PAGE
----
I guess in this case the major complicating factor is the different personalities involved -- there's a teacher, a student, and an animal, who is essentially the student's non-English-speaking student. Next week, my riding instructor is going to put me on a horse with a "less pingy" canter. The relationship between my body and the horse will be less complicated and I'll have more concentration available to think about the finer points of balance because it won't be quite so painful to make a mistake. I'll be able to compare the experience of riding a quieter horse and find the place where my posture could work on either horse. The same can be said of dog training -- while there are rules and structures and techniques, it all boils down to flexibility and consistency. Dogs are different and the same approach exactly won't give the same exact results in every dog. Even if you have a very concrete system, there is a huge degree of variability in the time frame and the level of intensity required to teach an animal a new behavior or eliminate an old one. I guess, as a teacher, the role can only be to make suggestions that help keep the ultimate goal in sight. A teacher cannot get inside you and move around like a puppet so that you can experience and absorb the knowledge directly. A teacher can only communicate with a student, try to pinpoint errors, suggest adjustments, and then let you try and see how that works out. And all the while -- hopefully! -- learning to become a better, faster, more efficient teacher in the process.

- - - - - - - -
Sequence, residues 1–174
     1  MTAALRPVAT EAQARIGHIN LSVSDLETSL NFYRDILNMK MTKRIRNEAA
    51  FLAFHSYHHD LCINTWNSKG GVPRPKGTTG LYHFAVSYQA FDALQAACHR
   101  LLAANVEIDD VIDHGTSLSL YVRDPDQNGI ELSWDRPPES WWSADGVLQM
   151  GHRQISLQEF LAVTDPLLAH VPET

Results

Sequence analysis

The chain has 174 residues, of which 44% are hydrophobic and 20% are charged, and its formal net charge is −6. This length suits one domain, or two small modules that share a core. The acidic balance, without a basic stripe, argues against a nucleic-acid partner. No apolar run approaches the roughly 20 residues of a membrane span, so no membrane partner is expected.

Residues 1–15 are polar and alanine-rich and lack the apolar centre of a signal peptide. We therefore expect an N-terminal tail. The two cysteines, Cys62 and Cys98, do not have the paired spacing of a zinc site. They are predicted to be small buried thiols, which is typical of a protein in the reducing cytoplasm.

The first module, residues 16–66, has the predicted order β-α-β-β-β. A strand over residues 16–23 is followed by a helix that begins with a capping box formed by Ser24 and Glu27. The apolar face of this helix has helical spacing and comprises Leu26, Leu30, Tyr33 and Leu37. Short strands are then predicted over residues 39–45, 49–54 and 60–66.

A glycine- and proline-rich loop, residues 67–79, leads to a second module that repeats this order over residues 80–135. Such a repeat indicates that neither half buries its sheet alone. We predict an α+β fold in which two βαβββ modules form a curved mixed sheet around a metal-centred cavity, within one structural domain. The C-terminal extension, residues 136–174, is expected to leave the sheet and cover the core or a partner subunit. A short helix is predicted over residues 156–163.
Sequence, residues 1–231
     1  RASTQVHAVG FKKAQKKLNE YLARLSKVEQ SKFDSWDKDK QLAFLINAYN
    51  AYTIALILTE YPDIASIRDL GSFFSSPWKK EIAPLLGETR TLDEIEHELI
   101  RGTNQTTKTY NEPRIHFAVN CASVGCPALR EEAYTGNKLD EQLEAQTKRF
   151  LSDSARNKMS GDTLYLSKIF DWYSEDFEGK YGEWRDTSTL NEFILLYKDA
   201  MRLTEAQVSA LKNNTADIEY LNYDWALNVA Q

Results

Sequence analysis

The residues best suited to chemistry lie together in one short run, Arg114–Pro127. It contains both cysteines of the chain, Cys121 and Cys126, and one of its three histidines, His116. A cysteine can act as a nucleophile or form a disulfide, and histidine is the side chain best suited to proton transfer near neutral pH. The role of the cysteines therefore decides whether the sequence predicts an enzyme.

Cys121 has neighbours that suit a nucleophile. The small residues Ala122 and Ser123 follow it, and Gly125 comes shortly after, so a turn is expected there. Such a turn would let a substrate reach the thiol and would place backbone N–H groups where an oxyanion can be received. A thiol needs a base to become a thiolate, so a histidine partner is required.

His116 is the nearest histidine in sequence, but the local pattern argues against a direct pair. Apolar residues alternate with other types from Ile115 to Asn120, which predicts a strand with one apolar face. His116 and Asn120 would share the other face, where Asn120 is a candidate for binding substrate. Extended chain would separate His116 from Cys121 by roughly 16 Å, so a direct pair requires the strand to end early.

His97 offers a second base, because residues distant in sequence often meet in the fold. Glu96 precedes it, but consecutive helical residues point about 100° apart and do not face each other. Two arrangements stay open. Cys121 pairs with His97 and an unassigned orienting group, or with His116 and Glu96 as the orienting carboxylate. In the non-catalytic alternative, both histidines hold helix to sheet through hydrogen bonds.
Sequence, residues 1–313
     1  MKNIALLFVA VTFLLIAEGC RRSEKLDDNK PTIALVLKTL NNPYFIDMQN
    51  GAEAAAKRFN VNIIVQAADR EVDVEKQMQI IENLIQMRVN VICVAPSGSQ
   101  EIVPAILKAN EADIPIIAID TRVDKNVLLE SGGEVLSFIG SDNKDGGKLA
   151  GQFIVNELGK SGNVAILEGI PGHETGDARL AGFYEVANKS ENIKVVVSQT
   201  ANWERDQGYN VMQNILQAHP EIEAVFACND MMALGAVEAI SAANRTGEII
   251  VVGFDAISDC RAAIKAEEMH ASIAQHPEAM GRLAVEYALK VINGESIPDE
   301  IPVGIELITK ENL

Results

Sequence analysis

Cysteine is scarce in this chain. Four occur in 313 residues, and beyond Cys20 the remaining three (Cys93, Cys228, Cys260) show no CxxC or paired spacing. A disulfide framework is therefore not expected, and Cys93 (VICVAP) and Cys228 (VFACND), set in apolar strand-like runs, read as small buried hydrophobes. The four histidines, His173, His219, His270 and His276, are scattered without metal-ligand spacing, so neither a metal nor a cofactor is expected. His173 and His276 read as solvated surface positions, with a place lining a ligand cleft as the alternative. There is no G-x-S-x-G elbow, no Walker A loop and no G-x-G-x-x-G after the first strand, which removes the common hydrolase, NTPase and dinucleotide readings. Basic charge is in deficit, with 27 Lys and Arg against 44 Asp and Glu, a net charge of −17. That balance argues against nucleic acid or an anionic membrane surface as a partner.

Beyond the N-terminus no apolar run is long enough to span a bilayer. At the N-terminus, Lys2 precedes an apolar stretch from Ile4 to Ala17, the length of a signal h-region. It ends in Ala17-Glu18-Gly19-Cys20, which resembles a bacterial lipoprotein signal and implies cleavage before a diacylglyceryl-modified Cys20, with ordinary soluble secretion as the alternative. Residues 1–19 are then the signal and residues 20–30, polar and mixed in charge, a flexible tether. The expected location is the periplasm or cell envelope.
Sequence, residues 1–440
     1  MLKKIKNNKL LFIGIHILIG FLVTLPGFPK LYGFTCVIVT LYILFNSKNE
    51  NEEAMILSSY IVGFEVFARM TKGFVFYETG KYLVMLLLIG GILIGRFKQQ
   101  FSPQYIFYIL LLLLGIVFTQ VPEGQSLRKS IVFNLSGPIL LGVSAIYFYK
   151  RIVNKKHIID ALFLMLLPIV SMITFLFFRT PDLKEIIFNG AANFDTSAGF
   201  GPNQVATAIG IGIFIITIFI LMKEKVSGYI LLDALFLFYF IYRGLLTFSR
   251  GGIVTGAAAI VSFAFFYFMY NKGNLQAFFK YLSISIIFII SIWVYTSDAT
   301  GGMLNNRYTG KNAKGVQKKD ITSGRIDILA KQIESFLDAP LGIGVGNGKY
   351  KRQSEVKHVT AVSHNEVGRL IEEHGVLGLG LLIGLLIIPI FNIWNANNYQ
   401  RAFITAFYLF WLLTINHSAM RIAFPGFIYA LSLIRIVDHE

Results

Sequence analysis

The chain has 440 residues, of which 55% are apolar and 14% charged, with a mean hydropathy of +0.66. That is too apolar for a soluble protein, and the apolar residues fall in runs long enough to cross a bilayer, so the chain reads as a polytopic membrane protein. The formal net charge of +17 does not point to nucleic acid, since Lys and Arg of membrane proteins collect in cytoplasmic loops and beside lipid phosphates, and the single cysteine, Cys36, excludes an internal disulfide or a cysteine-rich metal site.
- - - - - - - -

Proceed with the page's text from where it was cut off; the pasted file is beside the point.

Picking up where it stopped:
It's worth mentioning, worth mulling over, that the words themselves are only one tool in the teaching process. Perhaps by pursuing the perfect words I limit myself. Perhaps part of our design as interactive beings is that we are incapable of directly absorbing words and translating them into physical knowledge (unless we are savants!). Maybe it's part of our checks and balances system that guarantees that human beings will continue to move, to interact, to communicate, and to practice collectively. Otherwise we might all be stuck in books and learning without ever striving or struggling or asking for help. But my intuition still believes there are perfect words for every situation. I'll keep trying!

1 comment:

  1. Boy, did this resonate with me! "the role can only be to make suggestions that help keep the ultimate goal in sight" - what a wonderful description of what is often the best that we, as trainers, can do. I am always knocking myself for getting less than perfect results with owners. This thought helps keep me on track for what I CAN do for people, since grabbing the dog and doing it myself isn't exactly fruitful.
    Carol Visser, NCMG, CPDT